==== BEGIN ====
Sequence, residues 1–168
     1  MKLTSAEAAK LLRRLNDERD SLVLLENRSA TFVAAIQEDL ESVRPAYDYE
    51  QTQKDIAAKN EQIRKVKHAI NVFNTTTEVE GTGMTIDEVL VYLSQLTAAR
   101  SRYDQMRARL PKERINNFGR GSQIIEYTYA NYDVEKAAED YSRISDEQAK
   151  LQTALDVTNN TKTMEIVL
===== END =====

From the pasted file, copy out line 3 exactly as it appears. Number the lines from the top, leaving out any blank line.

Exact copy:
    51  QTQKDIAAKN EQIRKVKHAI NVFNTTTEVE GTGMTIDEVL VYLSQLTAAR